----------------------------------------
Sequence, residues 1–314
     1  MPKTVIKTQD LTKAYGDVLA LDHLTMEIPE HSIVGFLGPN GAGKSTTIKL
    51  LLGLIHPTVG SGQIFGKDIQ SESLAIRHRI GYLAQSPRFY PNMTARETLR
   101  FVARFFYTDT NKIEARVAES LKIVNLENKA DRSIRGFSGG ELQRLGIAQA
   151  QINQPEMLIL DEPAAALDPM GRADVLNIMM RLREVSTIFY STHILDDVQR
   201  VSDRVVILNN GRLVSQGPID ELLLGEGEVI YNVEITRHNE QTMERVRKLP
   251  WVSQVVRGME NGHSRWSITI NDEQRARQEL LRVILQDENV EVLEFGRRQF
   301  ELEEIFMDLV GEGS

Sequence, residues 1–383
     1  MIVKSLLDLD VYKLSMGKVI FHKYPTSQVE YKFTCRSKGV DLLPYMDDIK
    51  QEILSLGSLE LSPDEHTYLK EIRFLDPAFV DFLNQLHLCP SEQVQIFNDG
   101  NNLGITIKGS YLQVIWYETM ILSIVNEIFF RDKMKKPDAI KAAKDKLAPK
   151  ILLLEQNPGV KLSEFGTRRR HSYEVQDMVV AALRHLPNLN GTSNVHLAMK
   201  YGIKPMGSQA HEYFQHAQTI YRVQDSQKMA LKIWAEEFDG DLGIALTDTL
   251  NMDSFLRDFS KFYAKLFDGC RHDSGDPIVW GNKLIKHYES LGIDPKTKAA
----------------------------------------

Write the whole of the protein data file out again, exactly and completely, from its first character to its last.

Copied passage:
Sequence, residues 1–314
     1  MPKTVIKTQD LTKAYGDVLA LDHLTMEIPE HSIVGFLGPN GAGKSTTIKL
    51  LLGLIHPTVG SGQIFGKDIQ SESLAIRHRI GYLAQSPRFY PNMTARETLR
   101  FVARFFYTDT NKIEARVAES LKIVNLENKA DRSIRGFSGG ELQRLGIAQA
   151  QINQPEMLIL DEPAAALDPM GRADVLNIMM RLREVSTIFY STHILDDVQR
   201  VSDRVVILNN GRLVSQGPID ELLLGEGEVI YNVEITRHNE QTMERVRKLP
   251  WVSQVVRGME NGHSRWSITI NDEQRARQEL LRVILQDENV EVLEFGRRQF
   301  ELEEIFMDLV GEGS

Sequence, residues 1–383
     1  MIVKSLLDLD VYKLSMGKVI FHKYPTSQVE YKFTCRSKGV DLLPYMDDIK
    51  QEILSLGSLE LSPDEHTYLK EIRFLDPAFV DFLNQLHLCP SEQVQIFNDG
   101  NNLGITIKGS YLQVIWYETM ILSIVNEIFF RDKMKKPDAI KAAKDKLAPK
   151  ILLLEQNPGV KLSEFGTRRR HSYEVQDMVV AALRHLPNLN GTSNVHLAMK
   201  YGIKPMGSQA HEYFQHAQTI YRVQDSQKMA LKIWAEEFDG DLGIALTDTL
   251  NMDSFLRDFS KFYAKLFDGC RHDSGDPIVW GNKLIKHYES LGIDPKTKAA